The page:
If you’re in Milan during a Coronavirus outbreak, imagine your escape to the country, preferably to a villa outside Florence. You don’t have one, but you could rent one online, perhaps.
Decide you won’t take the train to your rental villa. You won’t take the bus. Too many people. Instead, meet up with your homies–your brigade–at Milan’s Duomo. There, plan to hire a car and drive yourselves.
You’ll pack your lute and your striped leggings. You’ll forget about the masks and the gels. You couldn’t find any, anyway. Hoarders have snapped them all up.
Plan to stay holed up in the countryside for fourteen days, or, if necessary, longer.
Throw a copy of Giovanni Boccaccio’s Decameron into your pack. You’ve been reading this fourteenth-century literary masterpiece about ten friends who escaped the Black Death by retiring to a villa outside Florence. On Boccaccio’s trail, following his example, you’ll read his stories to your friends at night in your rental villa outside Florence.
Along your way on the autostrada, don’t stop at the Autogrill for lunch. Eat the salami sandwiches you wisely packed before quitting town. Don’t share bites with your friends, even if you’d like to because, well, it’s not sanitary. And don’t sip each other’s beers, or San Pellegrinos, or Cokes, either. Also: douse hands first with rubbing alcohol since you don’t have any gels. Wonder if you should all be wearing masks. Decide that probably you should. Wrap a scarf around your neck. Suggest your friends do the same.
You can sing songs under your scarves to pass the time–break out the lute–99 Bottles of Beer on the Wall, Old MacDonald, This Land is Your Land, O Sole Mio. You decide.
When you’re tired of singing, read your friends passages out loud from The Decameron:
“To have compassion for those who suffer is a human quality which everyone should possess, especially those who have required comfort themselves in the past and have managed to find it in others.”Giovanni Boccaccio, The Decameron
Think, quietly, for a while.
Three hours and four hundred kilometers later, check into the rented villa. Do a thorough cleaning inside. Outside, admire the pines, and the statues, and the clear blue skies.
Make a shopping list. Decide to buy foods that keep, like boxes of pasta. Lots of boxes of pasta.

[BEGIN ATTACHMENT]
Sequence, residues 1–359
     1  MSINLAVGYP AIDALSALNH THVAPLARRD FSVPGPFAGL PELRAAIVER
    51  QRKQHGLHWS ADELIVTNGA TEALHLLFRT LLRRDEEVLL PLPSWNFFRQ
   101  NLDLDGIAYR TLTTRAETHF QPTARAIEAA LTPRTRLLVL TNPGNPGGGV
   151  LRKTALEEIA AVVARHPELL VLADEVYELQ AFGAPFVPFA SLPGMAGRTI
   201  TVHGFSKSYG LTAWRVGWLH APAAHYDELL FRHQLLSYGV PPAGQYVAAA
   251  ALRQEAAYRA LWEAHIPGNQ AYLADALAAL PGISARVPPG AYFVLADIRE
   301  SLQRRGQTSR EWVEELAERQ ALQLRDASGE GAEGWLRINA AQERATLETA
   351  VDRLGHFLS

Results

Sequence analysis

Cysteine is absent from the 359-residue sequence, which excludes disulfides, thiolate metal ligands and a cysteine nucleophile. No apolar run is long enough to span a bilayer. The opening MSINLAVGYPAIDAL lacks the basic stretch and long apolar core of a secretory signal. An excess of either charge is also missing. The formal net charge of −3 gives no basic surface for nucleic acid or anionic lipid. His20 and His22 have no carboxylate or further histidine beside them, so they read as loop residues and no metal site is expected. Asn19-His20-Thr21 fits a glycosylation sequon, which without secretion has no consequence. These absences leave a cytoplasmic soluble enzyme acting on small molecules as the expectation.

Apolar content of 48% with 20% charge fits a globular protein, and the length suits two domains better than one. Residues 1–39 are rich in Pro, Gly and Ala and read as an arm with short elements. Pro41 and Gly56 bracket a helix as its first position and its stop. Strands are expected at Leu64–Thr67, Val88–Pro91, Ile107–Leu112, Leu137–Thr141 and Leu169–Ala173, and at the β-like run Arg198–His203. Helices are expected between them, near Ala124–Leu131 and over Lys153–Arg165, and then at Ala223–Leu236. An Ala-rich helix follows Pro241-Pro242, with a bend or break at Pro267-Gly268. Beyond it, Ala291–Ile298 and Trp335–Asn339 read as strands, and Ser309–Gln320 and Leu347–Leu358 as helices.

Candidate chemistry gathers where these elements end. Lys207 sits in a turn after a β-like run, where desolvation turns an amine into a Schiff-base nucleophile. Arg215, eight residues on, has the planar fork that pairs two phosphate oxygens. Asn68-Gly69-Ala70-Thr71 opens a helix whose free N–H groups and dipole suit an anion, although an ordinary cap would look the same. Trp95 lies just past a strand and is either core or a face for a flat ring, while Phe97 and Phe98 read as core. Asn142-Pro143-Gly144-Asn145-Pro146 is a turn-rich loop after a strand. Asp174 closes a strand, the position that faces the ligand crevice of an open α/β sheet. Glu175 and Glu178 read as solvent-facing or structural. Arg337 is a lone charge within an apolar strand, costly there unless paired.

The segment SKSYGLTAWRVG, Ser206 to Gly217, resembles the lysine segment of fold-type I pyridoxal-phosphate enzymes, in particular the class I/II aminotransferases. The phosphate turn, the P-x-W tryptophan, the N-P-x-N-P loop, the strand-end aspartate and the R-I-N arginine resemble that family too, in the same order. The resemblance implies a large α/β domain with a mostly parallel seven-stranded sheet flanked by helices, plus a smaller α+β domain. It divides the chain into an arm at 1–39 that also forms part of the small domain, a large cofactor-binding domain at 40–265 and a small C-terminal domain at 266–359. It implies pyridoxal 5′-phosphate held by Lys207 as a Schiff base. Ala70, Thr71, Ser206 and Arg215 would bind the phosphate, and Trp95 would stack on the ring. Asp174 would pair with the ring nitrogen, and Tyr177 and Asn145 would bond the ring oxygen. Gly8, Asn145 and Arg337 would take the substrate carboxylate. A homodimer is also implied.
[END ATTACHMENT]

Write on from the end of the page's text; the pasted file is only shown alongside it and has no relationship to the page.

Go to COOP supermarket. Discover that shelves are empty. There’s no boxed pasta. No jars of tomato sauce. No dried Borlotti beans in bags. And no reconstituted milk either. Here, too, everyone’s had the same idea and has stocked up to weather this thing.
In the refrigerated section though, you’ll find fresh milk, whole milk. And good Pienza pecorino cheese. And in the produce section: artichokes, those small, sweet, tender kind. Also, some early fava beans. They’re bright green and straight from a local farmer’s vegetable patch. Behind the deli counter, there’s some freshly made tagliatelle. And entire prosciutti, salt and pepper cured, waiting to be sliced.
You won’t forget the olive oil (it’s stocked from the frantoio down the road). You’ll get some of that, too.
Sigh with relief. You’re not going to starve.
Retire to the villa. Prepare a feast.
But run back to the store. You forgot the Chianti. Ask yourself: how could you forget the Chianti?
Stack wood in the old brick fireplace. Light some candles. Now read a few more tales–lusty tales–from Boccaccio’s Decameron.
“The young woman … easily bent to the abbot’s pleasures.”Giovanni Boccaccio, The Decameron
Laugh, or not.
And if you don’t have a villa or a place in the country to hole up in, stay indoors, in your apartment in the city. Don’t wish you have what you don’t. Read, cook, eat, laugh.
You, Milanese by adoption, and your friends, Milanese by birth, may be the world’s newest outcasts, but you’re going to live, no matter what, in spite of being in the middle of a Coronavirus outbreak.
“You must read, you must persevere, you must sit up nights, you must inquire, and exert the utmost power of your mind. If one way does not lead to the desired meaning, take another; if obstacles arise, then still another; until, if your strength holds out, you will find that clear which at first looked dark.”Giovanni Boccaccio, The Decameron